Like more than 300 graduates before her at Mary Baldwin University’s commencement ceremony, Angela Woolf strode across Page Terrace in front of Grafton Library with the poise, confidence, and excitement about arriving at the crowning moment of her college career.
In front of Woolf by just a nose, her sleek, black Laborador retriever, Writer, was calm and focused.
Guiding her owner, who has lost most of her vision, Writer, a seeing-eye dog, gave the impression that she had been in a ceremony like this before. And she has. The May 16 graduation was Woolf’s first, but Writer already earned her diploma — after completing intensive training at Guiding Eyes for the Blind in New York only days before the pair started at Mary Baldwin.
“She’s basically my baby,” said the 22-year-old Woolf. “I haven’t figured out how to get her to do the homework yet, but she has been in all the classes I have and she deserves to graduate, too.”
The day before graduation, Writer was a proud participant in another significant event in Woolf’s life — as the ring bearer in her wedding. Sunday, the dog was presented with a certificate “for four years of faithful navigation of the steps, slopes and corridors of Mary Baldwin,” a bone tied with a yellow diploma ribbon, and an Mary Baldwin collar.
“She’s such a major part of my life, she has to be involved in everything,” Woolf said about Writer.
When Woolf started to lose her eyesight as a high school junior, she relied on a cane to maneuver around objects. As her vision deteriorated to the point where she had only peripheral vision in both eyes — a common progression of Leber’s Optic Neuropathy, the inherited disorder Woolf has — and she began to prepare for college, she thought a seeing-eye dog would be more helpful.
Writer quickly learned how to lead her owner up and down the tricky steps on campus, through the hallways and straight to Memorial Residence Hall, where they lived for three years.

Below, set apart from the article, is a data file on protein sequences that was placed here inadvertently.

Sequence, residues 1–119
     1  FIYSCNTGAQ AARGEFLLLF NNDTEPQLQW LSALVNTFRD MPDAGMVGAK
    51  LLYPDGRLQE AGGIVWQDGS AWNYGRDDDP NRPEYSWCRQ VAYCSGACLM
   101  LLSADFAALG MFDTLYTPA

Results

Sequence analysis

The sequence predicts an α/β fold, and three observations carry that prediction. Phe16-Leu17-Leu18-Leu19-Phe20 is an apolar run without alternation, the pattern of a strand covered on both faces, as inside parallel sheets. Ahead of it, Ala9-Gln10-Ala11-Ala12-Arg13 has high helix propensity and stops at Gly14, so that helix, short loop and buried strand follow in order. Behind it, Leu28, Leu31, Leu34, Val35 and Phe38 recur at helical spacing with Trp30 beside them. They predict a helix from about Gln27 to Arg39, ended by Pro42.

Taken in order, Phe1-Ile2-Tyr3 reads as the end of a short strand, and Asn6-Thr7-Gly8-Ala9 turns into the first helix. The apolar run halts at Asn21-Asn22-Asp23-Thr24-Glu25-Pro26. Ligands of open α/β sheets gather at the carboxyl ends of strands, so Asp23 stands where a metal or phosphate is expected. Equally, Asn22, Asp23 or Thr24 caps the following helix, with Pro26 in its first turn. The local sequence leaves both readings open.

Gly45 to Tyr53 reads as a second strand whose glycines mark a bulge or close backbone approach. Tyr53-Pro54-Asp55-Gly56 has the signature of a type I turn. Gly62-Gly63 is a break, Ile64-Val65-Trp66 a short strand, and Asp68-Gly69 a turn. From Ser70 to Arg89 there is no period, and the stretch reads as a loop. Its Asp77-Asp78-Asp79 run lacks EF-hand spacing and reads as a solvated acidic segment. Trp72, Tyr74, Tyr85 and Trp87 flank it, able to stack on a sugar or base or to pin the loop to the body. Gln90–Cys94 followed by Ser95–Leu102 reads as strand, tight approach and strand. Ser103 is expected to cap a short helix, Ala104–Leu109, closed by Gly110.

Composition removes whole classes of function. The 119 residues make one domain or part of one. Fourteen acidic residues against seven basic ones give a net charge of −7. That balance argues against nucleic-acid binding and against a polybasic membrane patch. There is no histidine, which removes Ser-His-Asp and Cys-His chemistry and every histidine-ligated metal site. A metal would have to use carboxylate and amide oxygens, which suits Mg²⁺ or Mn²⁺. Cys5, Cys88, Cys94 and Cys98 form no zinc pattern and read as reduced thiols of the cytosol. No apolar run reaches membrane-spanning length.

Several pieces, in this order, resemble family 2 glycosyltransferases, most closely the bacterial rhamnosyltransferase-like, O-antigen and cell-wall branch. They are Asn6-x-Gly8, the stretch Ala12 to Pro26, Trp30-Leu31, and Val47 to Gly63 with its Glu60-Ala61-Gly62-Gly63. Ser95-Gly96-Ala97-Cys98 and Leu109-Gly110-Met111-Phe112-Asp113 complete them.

Because she did not begin a college search until after her vision loss, Woolf, who was a double major in communication and sociology, said finding a small campus where she would be given a “balance of attention and independence” was key.
“I was a very independent person before I lost my sight,” she said. “With Writer, I have been able to get back some of that independence.”
Professors smile when asked about the canine presence in the classroom.
“She was a welcome distraction,” said Bruce Dorries, assistant professor of communication. “She made that happy growl labs are known for, and it broke up the class a little bit and got us refocused.”
The biggest challenge with Writer was fighting the urge to pet her when she was on the job, Dorries said.
“Writer became one of my students,” added Alice Araujo, associate professor of communication and Woolf’s faculty advisor.
Woolf jokes that her companion will be missed more than she will on campus. Professors know better.
“Angela had to negotiate a very complex support network to complete her studies, and she did so while maintaining her independence and unique perspective,” said Daniel Stuhlsatz, assistant professor of sociology, who worked many hours one-on-one with Woolf. “We can all learn a lot from Angela, or anyone with her creativity and drive and ability to deal with the unexpected.”
Her senior communication paper, “Newspaper Coverage of People with Disabilities,” earned academic distinction, and she made the Honors List during her senior year.
“She has a fierce sense of independence, and she took charge of her education,” Araujo said. “Her work was rewarded because it was original.”
An internship at the Virginia School for the Deaf and the Blind in Staunton convinced Woolf that her perspective was valued and needed. She has applied and interviewed for several jobs, including one that involves testing software that converts text on a computer screen to spoken words — the same type of program she has used for several years. Wherever she goes, it’s clear Writer will be by her side.
“We’re pretty much inseparable,” Woolf said.